Beware of This Noxious and Invasive Congress Weed

Beware of the common, noxious and invasive Congress weed species. The wild plant is not only a trouble to farmers, their crops and cultivation, but also to humans and animals. It has a scientific name Parthenium hysterophorus and belongs to Asteraceae family. The harmful congress weed plant has various English names like Santa-Maria, Santa Maria feverfew, Whitetop weed, and Famine weed. It is a common invasive species in countries like India, Australia, and parts of Africa. Some local names of the weed in India are Carrot grass (Gajar ghas in Hindi), Congress grass, Chatak chandam and Gandhi booti. Telugu names include Vayyari Bhama, Nakshatra gaddi, Mukkupullaku gaddi, Mukkupudaka mokka, Apadhi mokka, Sangedu mokka and Macherla kampa.

Picture of Congress weed (Parthenium hysterophorus)
Congress weed (Parthenium hysterophorus)

Origin of Invasive Congress Weed (Parthenium hysterophorus)

Parthenium hysterophorus was native to American tropics. Allegedly, it spread to India as contaminant with wheat shipments from the US in 1956 during Congress Party import in famine period. The weed spread like wildfire across India since 1970s and 1990s and has caused trouble to farmers especially, along with domestic animals and humans.

Parthenium Trouble to Farmers

Parthenium plant germinates exceedingly fast through its flowers and seeds, which can also spread through air. The Invasive Congress weed spreads and grows easily to invade disturbed land, including roadsides. Farmers often face disastrous loss of yield when Parthenium infests pastures and farmland (reason why it is called Famine Weed). The Parthenium weed produces Allelopathic chemicals that suppress the growth of crop and pasture plants. According to experts, the Parthenium weed can decrease crop yield by up to 40 per cent, causing trouble to agricultural farmers in India and other regions.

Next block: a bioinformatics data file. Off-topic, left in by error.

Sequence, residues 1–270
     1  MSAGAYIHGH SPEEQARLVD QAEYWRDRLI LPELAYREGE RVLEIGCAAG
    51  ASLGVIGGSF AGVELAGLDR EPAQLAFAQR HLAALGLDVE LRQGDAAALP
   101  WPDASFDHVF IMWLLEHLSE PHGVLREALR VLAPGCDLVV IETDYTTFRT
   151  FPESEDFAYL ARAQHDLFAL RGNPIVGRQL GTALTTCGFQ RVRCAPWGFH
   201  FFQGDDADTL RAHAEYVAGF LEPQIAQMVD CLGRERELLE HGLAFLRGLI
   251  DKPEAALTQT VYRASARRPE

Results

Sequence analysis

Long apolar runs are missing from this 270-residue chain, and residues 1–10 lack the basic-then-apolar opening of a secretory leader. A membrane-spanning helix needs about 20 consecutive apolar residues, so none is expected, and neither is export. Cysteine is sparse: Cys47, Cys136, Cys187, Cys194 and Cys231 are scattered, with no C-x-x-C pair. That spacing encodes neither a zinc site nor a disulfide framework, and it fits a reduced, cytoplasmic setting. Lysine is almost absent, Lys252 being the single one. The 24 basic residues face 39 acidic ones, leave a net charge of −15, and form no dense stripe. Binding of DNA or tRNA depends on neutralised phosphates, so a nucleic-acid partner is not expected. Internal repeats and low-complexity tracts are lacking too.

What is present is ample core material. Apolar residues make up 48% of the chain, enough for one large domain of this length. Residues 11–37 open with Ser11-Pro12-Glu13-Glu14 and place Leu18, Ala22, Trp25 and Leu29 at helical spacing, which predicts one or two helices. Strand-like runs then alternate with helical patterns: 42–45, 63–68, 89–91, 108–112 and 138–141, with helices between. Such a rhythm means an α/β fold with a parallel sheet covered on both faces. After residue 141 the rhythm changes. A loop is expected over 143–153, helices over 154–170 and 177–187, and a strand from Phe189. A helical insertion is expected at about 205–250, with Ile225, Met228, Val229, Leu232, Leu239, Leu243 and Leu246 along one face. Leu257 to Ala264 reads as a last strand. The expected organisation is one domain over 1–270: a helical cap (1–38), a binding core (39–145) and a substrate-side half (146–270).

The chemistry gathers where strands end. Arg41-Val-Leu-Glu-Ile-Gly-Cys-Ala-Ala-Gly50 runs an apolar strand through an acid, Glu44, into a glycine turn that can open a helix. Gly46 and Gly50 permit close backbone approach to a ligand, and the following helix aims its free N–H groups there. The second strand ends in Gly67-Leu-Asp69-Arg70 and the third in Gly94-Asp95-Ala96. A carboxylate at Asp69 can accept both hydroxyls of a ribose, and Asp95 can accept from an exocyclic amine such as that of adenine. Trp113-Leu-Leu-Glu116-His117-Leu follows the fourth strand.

Picture: Congress weed (Parthenium hysterophorus) spread on a farm land
Congress weed (Parthenium hysterophorus) spread on a farm land

Harmful Effects on Humans and Animals

In some areas, heavy outbreaks of Congress weed have affected the livestock (domesticated animals raised in an agricultural setting) and human health. Apart from Allelopathic chemicals, Parthenium also causes allergens that affect humans and livestock, like that of frequent pollen allergies. Contact with the plant causes dermatitis in cattle and domestic animals, and dermatitis and respiratory malfunctioning in humans.

Control Parthenium

To control Congress weed (Parthenium hysterophorus), hand pulling is best solution. Root it out and burn after that. Some experts also suggest letting loose Parthenium-eating beetles. For instance, Zygogramma bicolorata, a beetle native to Mexico is found to be an effective control organism.

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